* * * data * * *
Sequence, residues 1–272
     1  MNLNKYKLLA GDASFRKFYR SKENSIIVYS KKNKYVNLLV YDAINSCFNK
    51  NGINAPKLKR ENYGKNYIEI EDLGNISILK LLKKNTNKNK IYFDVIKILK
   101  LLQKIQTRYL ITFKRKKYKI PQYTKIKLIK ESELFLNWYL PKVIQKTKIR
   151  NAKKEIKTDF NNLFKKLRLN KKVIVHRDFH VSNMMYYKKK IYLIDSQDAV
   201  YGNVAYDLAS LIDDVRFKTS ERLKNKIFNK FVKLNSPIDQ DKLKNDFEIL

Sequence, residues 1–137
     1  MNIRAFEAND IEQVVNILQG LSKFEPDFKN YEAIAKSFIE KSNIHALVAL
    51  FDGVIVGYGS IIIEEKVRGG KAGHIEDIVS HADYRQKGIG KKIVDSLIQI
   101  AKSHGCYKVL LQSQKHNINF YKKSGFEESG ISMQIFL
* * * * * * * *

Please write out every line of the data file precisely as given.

Sequence, residues 1–272
     1  MNLNKYKLLA GDASFRKFYR SKENSIIVYS KKNKYVNLLV YDAINSCFNK
    51  NGINAPKLKR ENYGKNYIEI EDLGNISILK LLKKNTNKNK IYFDVIKILK
   101  LLQKIQTRYL ITFKRKKYKI PQYTKIKLIK ESELFLNWYL PKVIQKTKIR
   151  NAKKEIKTDF NNLFKKLRLN KKVIVHRDFH VSNMMYYKKK IYLIDSQDAV
   201  YGNVAYDLAS LIDDVRFKTS ERLKNKIFNK FVKLNSPIDQ DKLKNDFEIL

Sequence, residues 1–137
     1  MNIRAFEAND IEQVVNILQG LSKFEPDFKN YEAIAKSFIE KSNIHALVAL
    51  FDGVIVGYGS IIIEEKVRGG KAGHIEDIVS HADYRQKGIG KKIVDSLIQI
   101  AKSHGCYKVL LQSQKHNINF YKKSGFEESG ISMQIFL